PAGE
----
Heat Exhaustion in Children Warning
Last night was one of my scariest nights as a parent.
I was up all night with my 9-year-old son trying to keep down his 103 temperature.
He came home from a day at baseball camp with heat exhaustion. He complained of severe leg cramps, had no appetite or energy and had a 102 temperature.
He spent the entire day outside in the heat in his baseball pants, jersey and high socks … so I knew he would be tired. But how did I immediately know what he was suffering from and how serious it was?
I am a daughter of an ER doctor who has heard my entire life how dangerous heat illness can be, especially with children.
Our bodies create a tremendous amount of internal heat and are normally cooled through sweating and radiating heat through our skin.
In my son’s case, he was wearing too much clothing, and his skin was not exposed and was compromised.
Under certain circumstances — such as unusually high and humid temperatures like D.C. is experiencing this week, combined with vigorous exercise in hot weather — the natural cooling system can fail allowing internal heat to build up to dangerous levels.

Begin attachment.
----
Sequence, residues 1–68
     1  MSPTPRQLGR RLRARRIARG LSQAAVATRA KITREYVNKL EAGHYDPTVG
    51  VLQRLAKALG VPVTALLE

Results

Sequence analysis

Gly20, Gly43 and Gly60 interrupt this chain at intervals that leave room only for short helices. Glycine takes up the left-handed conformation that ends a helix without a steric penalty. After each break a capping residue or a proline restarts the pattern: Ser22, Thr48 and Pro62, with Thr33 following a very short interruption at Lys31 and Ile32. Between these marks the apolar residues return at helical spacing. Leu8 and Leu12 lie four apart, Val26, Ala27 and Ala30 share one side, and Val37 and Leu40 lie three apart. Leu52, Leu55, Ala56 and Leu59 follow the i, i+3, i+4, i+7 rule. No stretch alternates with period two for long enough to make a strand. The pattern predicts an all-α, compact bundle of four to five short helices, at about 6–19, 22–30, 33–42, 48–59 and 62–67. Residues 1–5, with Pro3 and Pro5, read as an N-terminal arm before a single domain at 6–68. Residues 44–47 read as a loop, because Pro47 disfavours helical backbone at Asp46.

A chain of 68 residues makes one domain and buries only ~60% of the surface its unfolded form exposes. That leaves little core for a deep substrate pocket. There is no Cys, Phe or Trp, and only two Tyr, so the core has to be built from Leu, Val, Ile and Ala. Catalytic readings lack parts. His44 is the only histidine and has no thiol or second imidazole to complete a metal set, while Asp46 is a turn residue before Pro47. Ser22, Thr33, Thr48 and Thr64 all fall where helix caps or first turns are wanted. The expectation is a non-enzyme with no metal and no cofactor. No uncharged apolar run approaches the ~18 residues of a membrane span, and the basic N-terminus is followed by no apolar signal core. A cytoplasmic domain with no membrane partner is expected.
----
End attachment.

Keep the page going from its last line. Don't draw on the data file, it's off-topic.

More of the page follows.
The result may be heat illness, which can result in heat cramps, heat exhaustion, or the very serious heatstroke.
Here are the symptoms of heat exhaustion that can lead to an often deadly heat illness to watch for in your child and how you can prevent it.
Dehydration, fatigue, weakness, clammy skin, headache, nausea and/or vomiting, hyperventilation (rapid breathing) and irritability.
Drink water or a sports drink before you go out in the heat (I insist that my kids drink Gatorade for breakfast when going to day camp in this heat).
I also pack one in their lunch along with a water bottle. Teach your child how important it is to drink water and insist that they take 10 big gulps during water breaks.
Salty foods also help, pretzels, potato chips, Pirate’s booty are great snacks for this type of weather. Parents watch for symptoms of heat exhaustion and take immediate action to cool your child by removing clothes, showering and using motrin to relieve the fever.
Also, hydrate them immediately! Wear light color clothes to allow the skin to breathe. Bottom line, no one not even professional athletes should be doing rigorous activities for more than an hour at time in this weather without plenty of fluids and breaks inside or in shade.
Let’s all have a healthy and safe summer…